I remember attending a pre-pandemic (and pre-hack) talk by the founder of SolarWinds where he had remarked at length on how difficult it was to build a networking product in the late 90s because pretty much everything we now take for granted had to be built from scratch. Their payment processing system took months to code for example. Today you could achieve the same result, and arguably far better, in one afternoon with Stripe. On the other hand, distribution was never a concern. They literally just put up a barebones website and orders magically started rolling in within a few hours. No SEO or PPC ads needed!  Customers easily found them because the search engines of the day had very few destinations to send them to.

A decade or so later, when Grasshopper (the VOIP company) was getting started... Google Ads (AdWords at the time) was still pretty new and a fairly unexploited medium. They rode that channel to success. Keywords were still affordable back then and far from having reached what we'd regard as market prices today. If you do come across a new advertising channel like that one which the world hasn't correctly priced yet, you should keep your mouth shut, jump on it and hold on. It's basically offering you a way to ride on somebody else's audience/community if you don't have one yourself. Of course, the catch here is that such new advertising channels with sufficient scale to be useful don't come along too often. The online advertising world has basically been a Google-Facebook duopoly for years now, although you may have success with specialized channels applicable to particular niches.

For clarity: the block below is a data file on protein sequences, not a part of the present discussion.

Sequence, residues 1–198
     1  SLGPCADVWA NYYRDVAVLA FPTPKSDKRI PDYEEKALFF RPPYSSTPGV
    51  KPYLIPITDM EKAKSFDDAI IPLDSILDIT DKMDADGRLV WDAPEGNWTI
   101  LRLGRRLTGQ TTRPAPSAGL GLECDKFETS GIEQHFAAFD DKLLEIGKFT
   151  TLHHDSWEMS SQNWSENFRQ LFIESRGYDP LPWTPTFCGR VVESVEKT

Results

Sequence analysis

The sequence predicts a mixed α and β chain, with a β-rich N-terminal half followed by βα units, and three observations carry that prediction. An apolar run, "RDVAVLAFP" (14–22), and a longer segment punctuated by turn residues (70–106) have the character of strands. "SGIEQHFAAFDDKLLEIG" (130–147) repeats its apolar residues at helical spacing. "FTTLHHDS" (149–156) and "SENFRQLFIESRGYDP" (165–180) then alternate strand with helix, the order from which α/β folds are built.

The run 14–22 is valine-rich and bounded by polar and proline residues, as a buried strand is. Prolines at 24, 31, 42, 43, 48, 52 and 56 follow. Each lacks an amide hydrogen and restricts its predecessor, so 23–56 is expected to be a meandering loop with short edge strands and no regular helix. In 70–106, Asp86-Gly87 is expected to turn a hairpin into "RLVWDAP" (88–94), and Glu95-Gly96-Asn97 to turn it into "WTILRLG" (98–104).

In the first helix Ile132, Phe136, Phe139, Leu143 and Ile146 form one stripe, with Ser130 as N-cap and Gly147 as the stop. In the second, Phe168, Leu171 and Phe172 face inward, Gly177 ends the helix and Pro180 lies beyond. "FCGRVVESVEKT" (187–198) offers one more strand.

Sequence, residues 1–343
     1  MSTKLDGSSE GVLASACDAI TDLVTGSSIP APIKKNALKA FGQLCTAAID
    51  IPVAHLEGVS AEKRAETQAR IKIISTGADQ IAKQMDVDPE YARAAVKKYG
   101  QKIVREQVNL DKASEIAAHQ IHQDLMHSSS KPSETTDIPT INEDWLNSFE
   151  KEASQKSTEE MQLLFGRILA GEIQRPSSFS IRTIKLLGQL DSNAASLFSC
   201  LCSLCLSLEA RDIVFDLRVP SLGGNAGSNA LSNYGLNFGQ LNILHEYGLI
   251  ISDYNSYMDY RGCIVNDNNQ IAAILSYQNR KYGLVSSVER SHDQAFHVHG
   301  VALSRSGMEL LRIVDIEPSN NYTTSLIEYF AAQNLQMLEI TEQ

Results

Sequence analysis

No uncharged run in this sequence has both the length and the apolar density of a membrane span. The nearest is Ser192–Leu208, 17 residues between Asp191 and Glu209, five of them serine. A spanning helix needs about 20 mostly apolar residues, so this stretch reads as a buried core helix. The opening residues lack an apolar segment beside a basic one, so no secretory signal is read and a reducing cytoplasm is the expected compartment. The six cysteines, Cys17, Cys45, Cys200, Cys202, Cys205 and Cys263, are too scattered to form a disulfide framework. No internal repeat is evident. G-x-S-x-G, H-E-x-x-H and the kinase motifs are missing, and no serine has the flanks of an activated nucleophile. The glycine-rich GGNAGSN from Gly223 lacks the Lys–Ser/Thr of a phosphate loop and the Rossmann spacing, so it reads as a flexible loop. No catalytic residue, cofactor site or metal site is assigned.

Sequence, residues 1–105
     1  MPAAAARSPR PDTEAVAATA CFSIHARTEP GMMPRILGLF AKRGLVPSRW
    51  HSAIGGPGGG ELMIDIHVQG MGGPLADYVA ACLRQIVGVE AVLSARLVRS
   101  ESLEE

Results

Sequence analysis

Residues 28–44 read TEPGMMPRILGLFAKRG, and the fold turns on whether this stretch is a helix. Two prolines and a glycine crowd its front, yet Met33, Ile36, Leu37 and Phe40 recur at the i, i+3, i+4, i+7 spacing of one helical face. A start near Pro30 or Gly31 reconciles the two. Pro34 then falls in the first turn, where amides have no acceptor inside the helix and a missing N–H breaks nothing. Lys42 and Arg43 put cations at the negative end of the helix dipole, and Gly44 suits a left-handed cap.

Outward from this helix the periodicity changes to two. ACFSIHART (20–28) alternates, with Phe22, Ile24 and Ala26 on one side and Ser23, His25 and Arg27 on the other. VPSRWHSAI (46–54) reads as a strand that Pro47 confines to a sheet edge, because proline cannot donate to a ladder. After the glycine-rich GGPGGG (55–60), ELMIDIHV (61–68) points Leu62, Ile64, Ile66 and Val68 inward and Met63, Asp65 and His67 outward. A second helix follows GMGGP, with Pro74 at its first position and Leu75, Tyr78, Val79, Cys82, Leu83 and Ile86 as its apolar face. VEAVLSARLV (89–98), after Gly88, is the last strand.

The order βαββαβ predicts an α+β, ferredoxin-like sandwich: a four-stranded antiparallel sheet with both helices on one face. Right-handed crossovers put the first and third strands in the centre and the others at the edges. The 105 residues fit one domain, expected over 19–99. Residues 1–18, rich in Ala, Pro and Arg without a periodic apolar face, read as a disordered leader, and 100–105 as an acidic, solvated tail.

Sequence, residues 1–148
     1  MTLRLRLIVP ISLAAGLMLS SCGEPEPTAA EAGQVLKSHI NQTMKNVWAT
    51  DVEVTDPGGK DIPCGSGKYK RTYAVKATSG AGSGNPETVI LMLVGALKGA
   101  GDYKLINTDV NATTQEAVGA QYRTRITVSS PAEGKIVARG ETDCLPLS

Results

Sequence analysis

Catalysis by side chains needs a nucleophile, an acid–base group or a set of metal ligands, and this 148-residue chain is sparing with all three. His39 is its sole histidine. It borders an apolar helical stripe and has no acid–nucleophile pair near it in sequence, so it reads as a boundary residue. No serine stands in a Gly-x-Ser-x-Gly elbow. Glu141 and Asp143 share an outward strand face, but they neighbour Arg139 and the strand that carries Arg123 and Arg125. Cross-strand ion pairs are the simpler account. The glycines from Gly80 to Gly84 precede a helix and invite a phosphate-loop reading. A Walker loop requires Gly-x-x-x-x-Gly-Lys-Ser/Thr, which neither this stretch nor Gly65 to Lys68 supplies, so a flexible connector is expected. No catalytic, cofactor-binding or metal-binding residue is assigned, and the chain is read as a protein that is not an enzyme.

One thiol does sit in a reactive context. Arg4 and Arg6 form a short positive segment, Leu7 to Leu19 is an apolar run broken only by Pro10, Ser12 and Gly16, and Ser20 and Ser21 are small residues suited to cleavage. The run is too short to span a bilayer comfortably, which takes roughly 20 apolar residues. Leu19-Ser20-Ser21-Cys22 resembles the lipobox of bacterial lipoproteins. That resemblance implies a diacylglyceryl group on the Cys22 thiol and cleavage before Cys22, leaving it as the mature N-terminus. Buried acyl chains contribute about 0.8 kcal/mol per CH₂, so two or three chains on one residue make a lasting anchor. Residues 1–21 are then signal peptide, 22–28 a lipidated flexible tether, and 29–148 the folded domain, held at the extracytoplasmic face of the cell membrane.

In most cases I suspect the largest cohort of successful new entrants will likely be those building on an existing audience, community or contacts list to which they can market a new product. The distribution channel in those cases is well-defined and waiting to be monetized. And once the snowball is rolling, it can be kept rolling by tending to that community and fostering a stream of referrals from existing customers. Referral programs can help with the latter task. 

Of course this only shifts the goalposts though. Establishing that audience or community if you don't already happen to have one is now itself the tough distribution nut that you have to crack. This can take years, and there's no guarantee of success. You might have guessed the reason at this point. Blogging tools, podcasting tools, live streaming tools... all these are readily available. That won't be your problem. Since everybody else is also using them, the problem is rising above the noise from everybody else. A distribution problem again.

Perhaps you could look at this as representing a case of a broader Law of Constant Startup Difficulty, for want of a better title. My hypothesis with that is that in many markets, the aggregate difficulty level in launching a new product - ease of building and ease of distribution - remains roughly similar over time. But at least in software it has clearly shifted from the building side of things to the distribution side. If you think about it, this is not great news if you're primarily a strong builder able to solve most technical problems even with little in the way of fancy tools, APIs and frameworks to build upon. The late 90s and first decade of this century would probably have been a better match to your skillset. 

The world has changed, and not in a way that favors people with strong product development skills. Be aware of what you're getting into. Building the product, in all likelihood, won't be your problem. Finding the market and getting its attention will be.